In countries like the UK and the US, the model of health and social care delivery is changing. Emphasis is now being placed on trying to support older adults and their families to remain independent for as long as possible, to manage their health proactively and self-manage their long-term mental and physical conditions for longer.
Globally, the population is ageing. Between 2000 and 2050, the proportion of the world's population over 60 years will double from approximately 11 per cent to 22 per cent, which means that, soon, one in five of us will be over the age of 60 years. Population ageing is closely linked to economic prosperity. In the UK, the number of people over 85 years has doubled in the past three decades. By 2050, 80 per cent of older people will live in what are now low- or middle-income countries, and nations like India and China will have a greater proportion of older people than the US. This increased age of living is the result of a number of factors, primarily the successful development and application of modern medicine which has resulted in reduced infant mortality, better maternal health, improved survival from acute medical events such as stroke and myocardial infarction and recovery from cancers.
Older adults are remaining healthy and independent for longer, which is a great achievement, yet with age, certain challenges are presented. An ageing population increases the demand for acute and primary health care, places pressure on the family structure and places strains on pension and social security systems. Importantly, ageing increases the need for long-term care, particularly in dealing with frailty, disability and an increase in multiple, complex long-term conditions, such as cardiovascular disease, respiratory conditions and cognitive impairment. Importantly, population ageing in these countries is occurring at a much faster rate than was the case for the currently developed world. For example in India, the proportion of individuals over 60 years is set to triple in the next 50 years. This means these nations will have a much briefer opportunity to prepare for an older population.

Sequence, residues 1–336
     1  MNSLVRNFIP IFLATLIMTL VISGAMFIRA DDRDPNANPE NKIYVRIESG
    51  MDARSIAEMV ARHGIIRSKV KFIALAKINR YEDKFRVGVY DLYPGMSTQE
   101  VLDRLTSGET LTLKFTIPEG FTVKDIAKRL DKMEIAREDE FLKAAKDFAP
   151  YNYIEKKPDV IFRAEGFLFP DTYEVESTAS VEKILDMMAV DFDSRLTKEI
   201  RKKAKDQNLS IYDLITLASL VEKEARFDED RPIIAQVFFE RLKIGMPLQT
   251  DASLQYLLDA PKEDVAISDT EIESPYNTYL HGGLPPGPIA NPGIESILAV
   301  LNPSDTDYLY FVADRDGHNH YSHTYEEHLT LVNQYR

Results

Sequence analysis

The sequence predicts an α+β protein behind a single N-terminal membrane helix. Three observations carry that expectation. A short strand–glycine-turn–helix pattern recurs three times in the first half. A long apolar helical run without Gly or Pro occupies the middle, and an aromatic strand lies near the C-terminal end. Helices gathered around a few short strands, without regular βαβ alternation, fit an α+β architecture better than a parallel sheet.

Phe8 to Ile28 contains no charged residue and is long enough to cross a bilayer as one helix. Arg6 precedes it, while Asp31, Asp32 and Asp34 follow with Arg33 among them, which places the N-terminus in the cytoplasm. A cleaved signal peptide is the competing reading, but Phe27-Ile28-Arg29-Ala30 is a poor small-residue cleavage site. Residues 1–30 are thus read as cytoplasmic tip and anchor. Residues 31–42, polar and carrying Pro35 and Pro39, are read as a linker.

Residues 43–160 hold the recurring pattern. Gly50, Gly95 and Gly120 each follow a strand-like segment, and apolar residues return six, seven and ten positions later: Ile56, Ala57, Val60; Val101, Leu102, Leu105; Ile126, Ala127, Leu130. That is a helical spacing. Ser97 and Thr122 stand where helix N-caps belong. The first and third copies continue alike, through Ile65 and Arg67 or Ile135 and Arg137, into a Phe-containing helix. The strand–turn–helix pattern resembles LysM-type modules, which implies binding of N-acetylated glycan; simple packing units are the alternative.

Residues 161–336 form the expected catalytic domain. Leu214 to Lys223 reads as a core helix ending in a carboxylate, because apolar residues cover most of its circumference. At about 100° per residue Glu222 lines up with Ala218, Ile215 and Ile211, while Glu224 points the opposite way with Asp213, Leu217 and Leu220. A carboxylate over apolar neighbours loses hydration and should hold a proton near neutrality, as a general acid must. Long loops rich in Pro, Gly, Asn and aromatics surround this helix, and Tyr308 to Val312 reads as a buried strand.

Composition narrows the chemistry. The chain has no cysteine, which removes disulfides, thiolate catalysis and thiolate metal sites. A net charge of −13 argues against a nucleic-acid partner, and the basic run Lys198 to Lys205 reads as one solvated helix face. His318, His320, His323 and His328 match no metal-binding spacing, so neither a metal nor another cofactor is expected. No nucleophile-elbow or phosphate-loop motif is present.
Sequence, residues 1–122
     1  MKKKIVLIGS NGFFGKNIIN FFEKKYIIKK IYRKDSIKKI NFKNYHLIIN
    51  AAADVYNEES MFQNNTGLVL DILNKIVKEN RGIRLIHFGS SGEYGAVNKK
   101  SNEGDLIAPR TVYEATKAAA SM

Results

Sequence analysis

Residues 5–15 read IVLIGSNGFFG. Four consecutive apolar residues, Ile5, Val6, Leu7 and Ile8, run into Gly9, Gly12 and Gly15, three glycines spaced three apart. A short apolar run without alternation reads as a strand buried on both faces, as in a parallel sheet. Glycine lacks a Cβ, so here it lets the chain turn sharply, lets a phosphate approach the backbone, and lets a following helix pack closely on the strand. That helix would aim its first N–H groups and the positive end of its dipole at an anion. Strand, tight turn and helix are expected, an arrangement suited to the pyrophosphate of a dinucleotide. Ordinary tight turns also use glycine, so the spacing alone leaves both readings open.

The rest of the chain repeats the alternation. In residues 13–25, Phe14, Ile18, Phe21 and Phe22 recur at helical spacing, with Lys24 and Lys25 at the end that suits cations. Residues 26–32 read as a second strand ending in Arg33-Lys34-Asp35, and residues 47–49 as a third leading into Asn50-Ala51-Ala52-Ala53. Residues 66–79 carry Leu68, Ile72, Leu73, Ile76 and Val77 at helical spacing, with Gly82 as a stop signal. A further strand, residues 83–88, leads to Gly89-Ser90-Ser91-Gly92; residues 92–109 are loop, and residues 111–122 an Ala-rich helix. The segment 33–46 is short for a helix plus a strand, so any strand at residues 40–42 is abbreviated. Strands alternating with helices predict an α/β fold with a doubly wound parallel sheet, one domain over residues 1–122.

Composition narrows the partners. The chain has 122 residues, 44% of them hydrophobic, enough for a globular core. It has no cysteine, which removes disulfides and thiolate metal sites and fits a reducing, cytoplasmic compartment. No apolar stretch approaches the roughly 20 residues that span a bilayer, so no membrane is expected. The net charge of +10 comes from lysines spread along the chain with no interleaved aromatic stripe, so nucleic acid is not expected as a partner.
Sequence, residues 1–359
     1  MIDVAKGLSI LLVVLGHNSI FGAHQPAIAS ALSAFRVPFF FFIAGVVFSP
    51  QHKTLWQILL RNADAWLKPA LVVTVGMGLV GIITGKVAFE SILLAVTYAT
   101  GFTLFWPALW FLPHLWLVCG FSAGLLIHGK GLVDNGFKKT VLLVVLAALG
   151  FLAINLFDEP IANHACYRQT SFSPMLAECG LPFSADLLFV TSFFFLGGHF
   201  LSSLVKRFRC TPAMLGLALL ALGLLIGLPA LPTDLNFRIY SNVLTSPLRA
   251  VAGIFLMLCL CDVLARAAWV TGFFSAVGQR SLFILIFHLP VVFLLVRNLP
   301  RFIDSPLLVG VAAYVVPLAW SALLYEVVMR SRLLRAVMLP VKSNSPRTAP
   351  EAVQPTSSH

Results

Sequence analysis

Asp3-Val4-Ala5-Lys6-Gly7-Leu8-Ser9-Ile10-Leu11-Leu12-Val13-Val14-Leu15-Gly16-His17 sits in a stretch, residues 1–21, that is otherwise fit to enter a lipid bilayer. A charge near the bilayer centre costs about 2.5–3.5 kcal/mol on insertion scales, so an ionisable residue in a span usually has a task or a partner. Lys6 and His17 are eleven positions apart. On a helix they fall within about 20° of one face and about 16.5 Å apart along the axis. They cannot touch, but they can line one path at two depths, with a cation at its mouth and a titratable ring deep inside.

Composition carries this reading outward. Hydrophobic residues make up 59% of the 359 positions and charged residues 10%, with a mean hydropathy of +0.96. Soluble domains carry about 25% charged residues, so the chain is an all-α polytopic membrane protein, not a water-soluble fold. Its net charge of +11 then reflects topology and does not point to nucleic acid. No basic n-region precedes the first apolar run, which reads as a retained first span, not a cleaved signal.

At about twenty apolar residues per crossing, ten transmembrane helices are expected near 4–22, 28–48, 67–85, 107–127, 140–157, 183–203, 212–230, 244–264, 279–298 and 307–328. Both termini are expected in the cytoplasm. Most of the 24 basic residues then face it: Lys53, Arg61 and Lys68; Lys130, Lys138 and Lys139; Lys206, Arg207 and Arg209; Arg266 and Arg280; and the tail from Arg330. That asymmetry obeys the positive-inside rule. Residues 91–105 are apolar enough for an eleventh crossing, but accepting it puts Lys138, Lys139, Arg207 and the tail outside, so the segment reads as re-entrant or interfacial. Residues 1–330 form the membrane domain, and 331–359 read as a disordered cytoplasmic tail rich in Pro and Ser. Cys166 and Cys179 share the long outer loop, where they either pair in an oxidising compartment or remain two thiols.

In developed countries, health and social care systems are strained, with demand for services outstripping supply. These demands are concentrated more in deprived communities, widening the inverse care law and challenges of how to balance access versus continuity of high-quality care with an already overstretched workforce. In India, despite efforts to provide a National Programme for Health Care of the Elderly (NPHCE), recent data suggests that investment in such schemes falls significantly below the required expenditure on health care.
Globally, there is potential for telephones, smartphones, tablets and monitoring devices to support in-home medical consultations, check the safety of our loved ones remotely and communicate with them to reduce social isolation.
With 350 million active internet users in India, there is scope to potentially support many people to improve and maintain independence at home. However, as this figure represents only 27 per cent of the population, and reflects predominantly younger, middle class, urban Indians, there is an urgent requirement to support the rural spread of affordable, sustainable health and social care technology support products and services for older adults spanning multiple languages. Research in the UK has identified barriers to mainstreaming health technologies; it is now time to consider cross-cultural applications.
Dr Easton is a translational research scientist at the centre for assistive technology and connected health care at the University of Sheffield, UK.